Forget Google Pixel 8: Samsung’s new $600 Galaxy phone may be all that you really need


Samsung Galaxy S23 FE All Colors

June Wan/ZDNET

Samsung today is launching three new devices, the Galaxy S23 FE, Galaxy Tab S9 FE, and Galaxy Buds FE, because there’s clearly no limit to how much tech news our brains (and wallets) can consume.

Also: Everything we’re expecting at Google’s Pixel event tomorrow: Pixel 8 Pro, Pixel Watch 2, more

Much like Fan Edition products in the past, the new phone, tablet, and wireless earbuds offer flagship-like features at a more accessible price, with the Galaxy S23 FE starting at $599, the Galaxy Tab S9 FE starting at $449, and the earbuds at $99. Those prices are competitive, to say the least, especially when compared to Samsung’s own S-series line of hardware — most of which costs twice the amount.

Samsung Galaxy S23 FE

Samsung Galaxy S23 FE

June Wan/ZDNET

The Galaxy S23 FE can be thought of as a stripped-down version of the Galaxy S23 Plus, with a slightly smaller 6.4-inch Dynamic AMOLED display, a triple camera system at the rear, and a Qualcomm processor at the helm. I got to spend a good hour with the device ahead of launch and was pleasantly surprised by how well it operated, even with the Snapdragon 8 Gen 1 processor being a generation behind the flagship chipset that powers today’s flagship Android phones.

Also: This Samsung phone is the one most people should buy (and it’s not a flagship)

The bezels on the S23 FE are not as slim as the S-series device — it looks and feels more similar to the Galaxy A54 — but the pairing of glass and aluminum does give the phone a premium hand feel. That trend carries over to the Tab S9 FE, too, which I’ll talk more about later.

Samsung Galaxy S23 FE

June Wan/ZDNET

Under the hood, you’re getting 8GB of RAM and the options of 128GB or 256GB of internal storage, with a 4,500mAh battery keeping the lights turned on. The rest of the specs are surprisingly adequate: 25W fast charging, wireless charging support, Wi-Fi 6E, IP68 water and dust resistance, and even Bluetooth 5.3 for a more reliable cross-device connection. The Galaxy S23 FE also falls under Samsung’s five-year update policy, so expect to receive security patches until 2028 if you pick up a device.

The Galaxy S23 FE will be available in Mint, Cream, Graphite, Purple, and two Samsung.com exclusive colors, Indigo and Tangerine, with open sales starting October 26.

Samsung Galaxy Tab S9 FE and Tab S9 FE+

Samsung Galaxy Tab S9 FE

June Wan/ZDNET

Alongside the Galaxy S23 FE is the Galaxy Tab S9 FE, available in standard (10.9-inch) and Plus (12.4-inch) sizes. The tablets are geared towards digital content creators, students, artists, and gamers, with an optional keyboard accessory to accommodate. Both devices sport 90Hz LCD panels, which are not as punchy and smooth-looking as the higher-end model’s AMOLED screens, but they looked above average in the demo area.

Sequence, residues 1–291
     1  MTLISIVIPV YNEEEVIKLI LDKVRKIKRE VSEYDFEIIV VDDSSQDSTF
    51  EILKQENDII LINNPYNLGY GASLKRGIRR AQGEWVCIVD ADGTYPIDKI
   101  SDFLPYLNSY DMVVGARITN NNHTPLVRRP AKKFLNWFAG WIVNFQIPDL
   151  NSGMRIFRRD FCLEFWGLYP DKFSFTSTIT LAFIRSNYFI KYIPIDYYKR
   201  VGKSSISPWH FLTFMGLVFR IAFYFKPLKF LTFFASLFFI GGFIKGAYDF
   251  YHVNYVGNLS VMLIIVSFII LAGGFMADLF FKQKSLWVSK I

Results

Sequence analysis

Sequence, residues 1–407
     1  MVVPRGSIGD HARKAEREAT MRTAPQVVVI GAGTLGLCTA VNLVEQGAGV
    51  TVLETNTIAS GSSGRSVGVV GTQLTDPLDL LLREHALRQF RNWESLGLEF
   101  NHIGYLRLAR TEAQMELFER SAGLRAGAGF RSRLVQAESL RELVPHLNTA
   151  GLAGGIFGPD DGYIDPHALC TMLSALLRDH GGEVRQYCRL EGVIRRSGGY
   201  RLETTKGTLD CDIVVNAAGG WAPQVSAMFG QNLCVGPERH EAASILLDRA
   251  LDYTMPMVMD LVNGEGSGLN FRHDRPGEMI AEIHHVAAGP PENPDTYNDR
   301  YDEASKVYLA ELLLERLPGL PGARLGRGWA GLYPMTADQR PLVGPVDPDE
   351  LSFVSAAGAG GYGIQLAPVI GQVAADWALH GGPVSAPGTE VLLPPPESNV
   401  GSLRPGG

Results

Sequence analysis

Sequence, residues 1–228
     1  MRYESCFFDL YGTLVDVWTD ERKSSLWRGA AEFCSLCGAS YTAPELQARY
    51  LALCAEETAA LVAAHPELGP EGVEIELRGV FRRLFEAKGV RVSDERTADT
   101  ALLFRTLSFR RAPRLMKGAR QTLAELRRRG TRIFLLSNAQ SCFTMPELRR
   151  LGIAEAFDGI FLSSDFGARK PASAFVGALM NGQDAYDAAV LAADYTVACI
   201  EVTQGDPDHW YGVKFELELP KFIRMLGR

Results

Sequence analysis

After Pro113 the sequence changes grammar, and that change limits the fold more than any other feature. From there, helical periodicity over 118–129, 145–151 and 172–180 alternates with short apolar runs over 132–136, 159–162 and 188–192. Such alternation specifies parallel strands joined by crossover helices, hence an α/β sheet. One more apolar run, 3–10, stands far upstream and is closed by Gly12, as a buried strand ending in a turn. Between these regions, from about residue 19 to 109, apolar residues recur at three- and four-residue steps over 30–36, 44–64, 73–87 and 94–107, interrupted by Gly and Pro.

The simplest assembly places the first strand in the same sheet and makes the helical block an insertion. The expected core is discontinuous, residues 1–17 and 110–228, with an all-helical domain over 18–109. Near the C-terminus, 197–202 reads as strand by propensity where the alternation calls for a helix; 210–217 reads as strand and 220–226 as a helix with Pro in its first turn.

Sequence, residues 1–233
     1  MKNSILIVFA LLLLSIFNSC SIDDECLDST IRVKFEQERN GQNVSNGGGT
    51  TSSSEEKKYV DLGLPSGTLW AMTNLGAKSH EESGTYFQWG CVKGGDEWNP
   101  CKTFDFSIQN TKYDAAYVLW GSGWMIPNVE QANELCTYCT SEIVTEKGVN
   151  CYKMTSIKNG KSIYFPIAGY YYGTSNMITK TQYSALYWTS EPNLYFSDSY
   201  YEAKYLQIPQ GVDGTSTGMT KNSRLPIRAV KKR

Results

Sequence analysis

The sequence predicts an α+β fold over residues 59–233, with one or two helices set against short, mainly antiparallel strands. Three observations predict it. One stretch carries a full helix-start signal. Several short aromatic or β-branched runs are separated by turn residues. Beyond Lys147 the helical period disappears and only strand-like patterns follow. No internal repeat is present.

Also: The Lenovo Tab Extreme is the iPad Pro competitor we’re not talking about enough

Powering the tablets is an in-house Exynos 1380 chipset, with 6GB/8GB and 8GB/12GB options available for the Tab S9 FE and Tab S9+ FE, respectively. You also get 128GB and 256GB storage tiers, but unlike the Galaxy S23 FE smartphone, both tablets support MicroSD card expansion up to 1TB.

The Galaxy Tab S9 FE series will be available in Mint, SIlver, Gray, and Lavender finishes, with a starting price of $449.

Samsung Galaxy Buds FE

Samsung Galaxy Buds FE

June Wan/ZDNET

Lastly, the Galaxy Buds FE feature active noise cancelation (ANC), ambient sound settings, and tap-based gestures similar to Samsung’s more expensive Galaxy Buds 2 Pro. Where the FE edition goes above and beyond is in battery life, with Samsung touting 8.5 hours of playback and up to 30 hours extra via the charging case. With ANC turned on, the company says you can expect up to 6 hours of playback, which is even longer than the aforementioned Buds 2 Pro’s rating.

Also: The best noise-canceling earbuds: Bose, Sony, and more compared

The Galaxy Buds FE are rated IPX2, which makes them just resistant enough to splashes of water, but nowhere as durable as more expensive wearables that are often certified with IPX7. You can snag a pair in either Graphite or White for $99.

Bottom line (for now)

The trio of products marks the return of the Galaxy FE series, which was nowhere to be found last year. Did Samsung recover from a supply chain crisis and regain access to parts? Is there a renewed focus on the mid-range market? Or is the company simply trying to win the hearts of fall-season upgraders who had tomorrow’s Google Pixel 8 in consideration? It’s probably a mix of the three. We’ll know exactly where Samsung stands with these devices as the team begins to review them over the coming days and weeks.  





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